Change, grow, live - formerly CRI

Understanding addiction

What is addiction?

People who have an addiction have to use, take or do something compulsively, even though it may be harmful to them.  An estimated two million people in the UK suffer from an addiction, which includes addictions to drugs, alcohol and gambling.

An addiction to alcohol or drugs is defined by a number of physical and behavioural changes, which usually include:

  • A strong desire to take a drug or drink alcohol
  • Difficulty controlling its use
  • Continuing to drink or take drugs despite harmful consequences e.g. ill health or a breakdown in relationships.

How many people in the UK have an addiction to drugs or alcohol?

There is no exact figure for the number of people who suffer from an addiction. Figures from 2013/2014[1] show that around one-third of adults had taken drugs during their lifetime, and drinking alcohol is a widespread practice in the UK, with over nine million people in England drinking more than the recommended daily limits[2].  In 2013, 193,198 people over the age of 18 were seeking support from specialist services for their alcohol or drug use.[3]

Why do people develop addictions to alcohol or drugs?

There are many reasons why someone might start using drugs or drinking to excess, but often there is a deeper or more complex issue that needs to be addressed and supported. Sometimes if that issue isn’t addressed, people struggle to maintain control over their alcohol or drug use because they haven’t resolved the underlying trigger.

Some reasons for addiction include:

  • Sexual, physical or emotional abuse in childhood and in later life.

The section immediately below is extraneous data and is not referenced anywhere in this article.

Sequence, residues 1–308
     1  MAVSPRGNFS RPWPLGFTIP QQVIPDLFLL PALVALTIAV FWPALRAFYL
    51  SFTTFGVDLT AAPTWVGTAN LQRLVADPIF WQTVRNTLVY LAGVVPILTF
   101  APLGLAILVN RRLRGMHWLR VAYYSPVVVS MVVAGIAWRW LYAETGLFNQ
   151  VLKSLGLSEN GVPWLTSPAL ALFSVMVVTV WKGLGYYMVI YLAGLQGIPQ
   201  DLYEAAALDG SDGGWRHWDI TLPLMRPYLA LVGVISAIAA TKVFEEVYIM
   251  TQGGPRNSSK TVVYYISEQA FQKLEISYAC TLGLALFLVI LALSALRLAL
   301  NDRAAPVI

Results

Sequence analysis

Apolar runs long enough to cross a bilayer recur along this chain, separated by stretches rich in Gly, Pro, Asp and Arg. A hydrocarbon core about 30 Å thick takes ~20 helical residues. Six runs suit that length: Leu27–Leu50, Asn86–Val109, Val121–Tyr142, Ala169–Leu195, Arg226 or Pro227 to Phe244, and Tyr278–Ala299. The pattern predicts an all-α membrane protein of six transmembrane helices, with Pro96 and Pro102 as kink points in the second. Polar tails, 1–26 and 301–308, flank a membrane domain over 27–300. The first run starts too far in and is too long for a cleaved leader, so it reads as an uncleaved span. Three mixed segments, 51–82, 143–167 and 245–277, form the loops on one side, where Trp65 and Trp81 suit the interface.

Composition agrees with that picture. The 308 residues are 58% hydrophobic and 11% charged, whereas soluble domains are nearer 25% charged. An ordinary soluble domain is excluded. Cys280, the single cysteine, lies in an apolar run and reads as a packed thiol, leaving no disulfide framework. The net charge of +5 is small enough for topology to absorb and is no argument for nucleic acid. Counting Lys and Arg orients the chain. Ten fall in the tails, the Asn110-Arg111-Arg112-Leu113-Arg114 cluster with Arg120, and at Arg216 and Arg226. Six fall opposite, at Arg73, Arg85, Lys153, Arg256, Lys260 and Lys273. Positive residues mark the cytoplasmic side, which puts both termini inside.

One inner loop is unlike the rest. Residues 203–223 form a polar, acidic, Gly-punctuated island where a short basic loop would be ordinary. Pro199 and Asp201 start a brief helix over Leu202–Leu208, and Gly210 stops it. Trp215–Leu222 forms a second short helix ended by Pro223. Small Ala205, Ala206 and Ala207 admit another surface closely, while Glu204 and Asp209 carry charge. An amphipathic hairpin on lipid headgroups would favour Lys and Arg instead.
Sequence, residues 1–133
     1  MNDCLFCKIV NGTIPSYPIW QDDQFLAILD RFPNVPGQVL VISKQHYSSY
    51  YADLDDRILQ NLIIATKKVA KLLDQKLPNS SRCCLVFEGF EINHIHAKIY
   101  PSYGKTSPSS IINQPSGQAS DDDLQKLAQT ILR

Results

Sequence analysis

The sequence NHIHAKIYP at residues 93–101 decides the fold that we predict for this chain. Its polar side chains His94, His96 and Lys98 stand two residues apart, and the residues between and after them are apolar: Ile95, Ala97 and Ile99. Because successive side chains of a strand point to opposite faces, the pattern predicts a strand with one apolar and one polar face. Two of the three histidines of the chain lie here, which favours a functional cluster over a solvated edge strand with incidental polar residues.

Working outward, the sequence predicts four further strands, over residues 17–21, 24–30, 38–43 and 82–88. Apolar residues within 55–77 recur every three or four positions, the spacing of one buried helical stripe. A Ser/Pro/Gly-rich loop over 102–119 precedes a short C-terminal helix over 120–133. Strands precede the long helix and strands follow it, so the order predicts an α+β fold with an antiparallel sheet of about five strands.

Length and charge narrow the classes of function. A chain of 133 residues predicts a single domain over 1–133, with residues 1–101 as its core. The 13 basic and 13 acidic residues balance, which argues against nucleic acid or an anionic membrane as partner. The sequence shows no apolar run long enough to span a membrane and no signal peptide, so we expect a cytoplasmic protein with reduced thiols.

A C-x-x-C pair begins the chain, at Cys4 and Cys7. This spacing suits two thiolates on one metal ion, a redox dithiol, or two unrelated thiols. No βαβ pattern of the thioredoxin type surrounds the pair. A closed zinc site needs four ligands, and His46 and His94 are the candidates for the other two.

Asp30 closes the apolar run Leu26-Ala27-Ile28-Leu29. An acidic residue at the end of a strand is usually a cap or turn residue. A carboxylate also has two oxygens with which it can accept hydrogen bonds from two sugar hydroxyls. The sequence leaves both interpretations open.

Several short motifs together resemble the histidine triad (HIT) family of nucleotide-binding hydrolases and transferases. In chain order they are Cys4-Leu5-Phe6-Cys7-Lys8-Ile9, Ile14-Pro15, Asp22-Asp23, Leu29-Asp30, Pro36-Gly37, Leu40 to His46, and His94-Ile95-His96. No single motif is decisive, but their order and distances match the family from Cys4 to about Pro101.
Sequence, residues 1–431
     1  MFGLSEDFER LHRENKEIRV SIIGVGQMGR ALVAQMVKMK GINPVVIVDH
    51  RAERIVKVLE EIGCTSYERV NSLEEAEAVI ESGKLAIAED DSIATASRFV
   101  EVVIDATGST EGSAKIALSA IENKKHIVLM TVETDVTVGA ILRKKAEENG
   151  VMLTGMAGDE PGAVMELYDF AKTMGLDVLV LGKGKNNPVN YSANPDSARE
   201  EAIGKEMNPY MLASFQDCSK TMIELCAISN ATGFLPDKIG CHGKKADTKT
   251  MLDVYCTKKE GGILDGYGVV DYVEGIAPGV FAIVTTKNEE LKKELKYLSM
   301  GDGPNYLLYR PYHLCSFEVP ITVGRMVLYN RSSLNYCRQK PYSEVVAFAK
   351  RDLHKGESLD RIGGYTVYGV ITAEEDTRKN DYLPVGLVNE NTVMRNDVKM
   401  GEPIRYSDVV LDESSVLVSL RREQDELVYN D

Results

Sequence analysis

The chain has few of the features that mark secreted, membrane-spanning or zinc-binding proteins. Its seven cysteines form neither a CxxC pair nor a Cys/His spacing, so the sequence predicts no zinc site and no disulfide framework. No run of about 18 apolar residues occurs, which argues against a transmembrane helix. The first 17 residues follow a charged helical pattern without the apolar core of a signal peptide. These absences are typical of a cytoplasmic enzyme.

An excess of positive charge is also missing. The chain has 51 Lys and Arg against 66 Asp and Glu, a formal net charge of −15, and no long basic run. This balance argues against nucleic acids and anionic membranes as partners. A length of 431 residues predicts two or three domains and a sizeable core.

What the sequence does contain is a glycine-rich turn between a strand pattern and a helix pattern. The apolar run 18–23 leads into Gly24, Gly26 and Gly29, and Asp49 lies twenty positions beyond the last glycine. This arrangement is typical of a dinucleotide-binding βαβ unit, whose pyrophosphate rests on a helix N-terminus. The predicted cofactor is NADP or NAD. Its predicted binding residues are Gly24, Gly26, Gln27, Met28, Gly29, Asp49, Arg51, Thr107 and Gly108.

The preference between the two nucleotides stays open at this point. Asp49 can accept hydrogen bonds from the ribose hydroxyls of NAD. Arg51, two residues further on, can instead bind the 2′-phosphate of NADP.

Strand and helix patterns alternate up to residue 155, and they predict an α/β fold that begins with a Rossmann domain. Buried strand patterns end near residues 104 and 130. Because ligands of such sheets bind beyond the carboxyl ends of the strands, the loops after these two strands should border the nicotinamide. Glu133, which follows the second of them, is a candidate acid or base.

• Struggling with mental ill health or a learning difficulty which may or may not have been diagnosed.
  • Feelings of hopelessness and low self-worth brought on by a range of social and economic pressures such as poverty, bankruptcy, redundancy, loss of a home, a marriage breakdown or loneliness.
  • A traumatic episode such as the death of a loved one or receiving a diagnosis of a serious or terminal illness.
  • Witnessing misuse in the family home, amongst peers or role models.
  • Family breakdowns or conflict in childhood.
  • Spending time in care or having many carers as a child.
  • People struggling to come to terms with their sexual identity.
  • People who have experienced discrimination such as homophobia or racism.
  • People who have experienced trauma, such as ex-service men and women.
  • Prolonged use that spirals out of control

Is there a genetic link for why someone might have an addiction?

Studies into this area have shown that both genetic and environmental factors are linked to addiction, with areas of considerable overlap between the two. For example, research into addiction in adolescence has highlighted four key areas which may increase the risk of a young person developing a problem with drugs or alcohol, either in their teenage years or in later life.

  • Parental drug or alcohol misuse, or misuse by an older family member such as sibling
  • Family conflict or a lack of cohesion or supervision
  • A history of mental ill health in the family
  • Friends or peers who misuse alcohol or drugs

Despite there being many factors associated with adolescent drug use, early life experiences, family relationships and parental attitudes are the most important in determining the likelihood of a young person misusing drugs or alcohol. There are also studies indicating that environmental factors have the most impact at an earlier age whilst genetic factors are more prevalent at later ages. Please note this is an area of continuing research and as such the conclusions detailed here may be subject to revision.


[1] British Crime Survey

[2] Alcohol Concern:



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